Sunday, November 7, 2010

Book Twelve - Charlie And The Chocolate Factory - Part Two

This is a delightful book. The story is equal parts sweetness and vengeance which I suppose is what children like. I don’t remember being all that into revenge when I was a child, but I may have been. I definitely remember hearing that you reap what you sow and there is lots of that in this book.

Near the end of the book, Willie Wonka rants that television is ruining the lives of children. He proposes that parents not allow a television in the home and recommends filling the empty spot in the living room with overflowing bookshelves. He asserts that if there were no television, children would read more. I disagree with his basic premise.

First, should we really trust the welfare of children to a man who makes candy for a living? Putting that aside, this is a theoretical argument which involves, in my opinion, faulty logic. Some people do not enjoy reading just as some people do not enjoy football, some dancing, and some dislike red meat. It follows that without television, some children would read more but others would not; the children who don’t like to read would find other ways to occupy their time. This is not a new phenomenon. There were people who didn’t enjoy reading before television or computer games or the internet or even radio. In fact, we have literary confirmation of this. There is no evidence that Mrs. Bennet from Pride and Prejudice ever picked up a book. She spends her time on “visiting and news.” Emma Woodhouse is always meaning to read more, but it remains an intention. In Bleak House, Esther doesn’t read. Granted, she describes herself as not very bright, but rather than try to improve her dim little mind by reading she spends her time jangling keys, seeing to others, and embroidering endless ornaments for the home. For that matter, Ada in Bleak House doesn’t read, nor does Richard. Of course, Richard is an irresponsible dunderhead, but these are examples which spring to mind immediately. Actually, I don’t recall Charlie, the hero of Charlie And The Chocolate Factory, picking up a book.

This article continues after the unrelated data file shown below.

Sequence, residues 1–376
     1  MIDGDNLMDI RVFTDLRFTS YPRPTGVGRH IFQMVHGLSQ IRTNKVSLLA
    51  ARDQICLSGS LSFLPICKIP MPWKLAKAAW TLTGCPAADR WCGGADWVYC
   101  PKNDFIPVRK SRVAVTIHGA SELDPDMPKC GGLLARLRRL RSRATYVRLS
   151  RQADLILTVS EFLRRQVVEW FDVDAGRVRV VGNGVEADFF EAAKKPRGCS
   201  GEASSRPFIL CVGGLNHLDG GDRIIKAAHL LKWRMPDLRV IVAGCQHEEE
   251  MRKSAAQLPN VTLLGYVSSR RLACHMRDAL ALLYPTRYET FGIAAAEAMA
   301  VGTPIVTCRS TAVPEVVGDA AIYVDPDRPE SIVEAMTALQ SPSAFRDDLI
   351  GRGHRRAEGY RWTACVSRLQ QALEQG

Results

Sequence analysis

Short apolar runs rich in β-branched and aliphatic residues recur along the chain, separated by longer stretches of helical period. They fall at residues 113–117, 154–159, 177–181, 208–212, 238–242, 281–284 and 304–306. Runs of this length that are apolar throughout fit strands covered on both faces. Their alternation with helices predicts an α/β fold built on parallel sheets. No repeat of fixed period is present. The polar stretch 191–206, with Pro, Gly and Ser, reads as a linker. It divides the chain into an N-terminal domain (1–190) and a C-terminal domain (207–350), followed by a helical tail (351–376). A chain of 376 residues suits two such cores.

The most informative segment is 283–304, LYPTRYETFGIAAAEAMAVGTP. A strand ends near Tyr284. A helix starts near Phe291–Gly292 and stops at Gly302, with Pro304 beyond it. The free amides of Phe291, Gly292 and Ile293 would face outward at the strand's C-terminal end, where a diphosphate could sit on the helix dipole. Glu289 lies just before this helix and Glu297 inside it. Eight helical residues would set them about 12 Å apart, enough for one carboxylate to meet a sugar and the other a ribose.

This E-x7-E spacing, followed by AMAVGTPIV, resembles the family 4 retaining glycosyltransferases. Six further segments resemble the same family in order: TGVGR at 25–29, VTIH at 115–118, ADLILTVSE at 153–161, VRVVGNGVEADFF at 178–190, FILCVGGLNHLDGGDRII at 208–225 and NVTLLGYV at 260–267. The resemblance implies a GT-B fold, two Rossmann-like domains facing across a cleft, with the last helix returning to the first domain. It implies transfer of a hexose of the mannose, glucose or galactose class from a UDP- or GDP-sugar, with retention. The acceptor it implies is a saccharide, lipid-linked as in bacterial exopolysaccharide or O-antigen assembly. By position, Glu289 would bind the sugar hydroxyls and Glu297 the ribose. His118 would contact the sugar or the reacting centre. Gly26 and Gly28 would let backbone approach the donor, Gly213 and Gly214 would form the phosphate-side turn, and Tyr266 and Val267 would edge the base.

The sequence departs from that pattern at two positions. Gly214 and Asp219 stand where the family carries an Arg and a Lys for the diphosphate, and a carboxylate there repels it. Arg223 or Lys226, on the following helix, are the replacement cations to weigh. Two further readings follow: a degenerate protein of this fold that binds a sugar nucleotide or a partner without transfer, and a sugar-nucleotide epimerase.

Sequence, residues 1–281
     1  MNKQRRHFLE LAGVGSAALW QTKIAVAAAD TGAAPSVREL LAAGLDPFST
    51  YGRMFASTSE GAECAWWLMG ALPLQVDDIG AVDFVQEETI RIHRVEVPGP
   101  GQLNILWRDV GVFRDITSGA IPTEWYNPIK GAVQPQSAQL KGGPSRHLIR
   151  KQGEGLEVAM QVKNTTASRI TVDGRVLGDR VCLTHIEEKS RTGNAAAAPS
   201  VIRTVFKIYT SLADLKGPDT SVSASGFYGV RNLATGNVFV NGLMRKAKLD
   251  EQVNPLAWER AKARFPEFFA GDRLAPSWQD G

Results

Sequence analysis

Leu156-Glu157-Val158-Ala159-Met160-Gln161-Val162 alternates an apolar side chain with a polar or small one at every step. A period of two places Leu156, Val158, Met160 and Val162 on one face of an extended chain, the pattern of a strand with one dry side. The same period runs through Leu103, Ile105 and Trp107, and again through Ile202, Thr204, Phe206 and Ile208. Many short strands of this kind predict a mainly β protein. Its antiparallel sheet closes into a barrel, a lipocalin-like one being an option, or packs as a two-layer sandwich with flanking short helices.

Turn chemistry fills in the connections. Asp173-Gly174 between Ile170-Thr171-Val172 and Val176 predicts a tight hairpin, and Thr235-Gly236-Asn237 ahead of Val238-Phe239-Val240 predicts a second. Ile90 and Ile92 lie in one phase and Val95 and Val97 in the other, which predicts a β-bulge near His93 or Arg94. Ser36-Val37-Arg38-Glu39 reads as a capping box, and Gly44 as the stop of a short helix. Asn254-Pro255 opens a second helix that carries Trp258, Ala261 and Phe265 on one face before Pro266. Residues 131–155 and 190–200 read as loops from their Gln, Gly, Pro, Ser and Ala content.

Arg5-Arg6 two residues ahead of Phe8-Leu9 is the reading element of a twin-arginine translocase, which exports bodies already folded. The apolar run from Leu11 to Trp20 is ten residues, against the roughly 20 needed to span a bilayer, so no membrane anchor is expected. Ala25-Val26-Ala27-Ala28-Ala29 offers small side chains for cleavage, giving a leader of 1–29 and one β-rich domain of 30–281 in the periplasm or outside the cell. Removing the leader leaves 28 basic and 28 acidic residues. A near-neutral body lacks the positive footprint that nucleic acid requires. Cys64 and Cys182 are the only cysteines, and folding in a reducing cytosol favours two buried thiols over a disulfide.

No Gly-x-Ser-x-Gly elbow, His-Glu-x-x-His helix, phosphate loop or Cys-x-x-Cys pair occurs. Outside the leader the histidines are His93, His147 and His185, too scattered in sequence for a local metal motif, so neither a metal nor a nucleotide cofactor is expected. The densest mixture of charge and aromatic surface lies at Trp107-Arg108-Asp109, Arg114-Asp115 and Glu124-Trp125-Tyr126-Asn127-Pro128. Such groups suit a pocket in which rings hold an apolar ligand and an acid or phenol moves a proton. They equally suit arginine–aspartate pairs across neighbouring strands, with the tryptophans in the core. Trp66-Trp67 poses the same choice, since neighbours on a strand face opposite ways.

I realize this notion of mine would open a can of worms in some quarters (or as Chandler Bing would say, “Can open – worms everywhere”) but that’s my opinion. Yes, some television is crap. Some books are crap, too. My policy with pretty much everything is to avoid the crap. (I wish I could come up with a pithier way of saying that, but there you are.)

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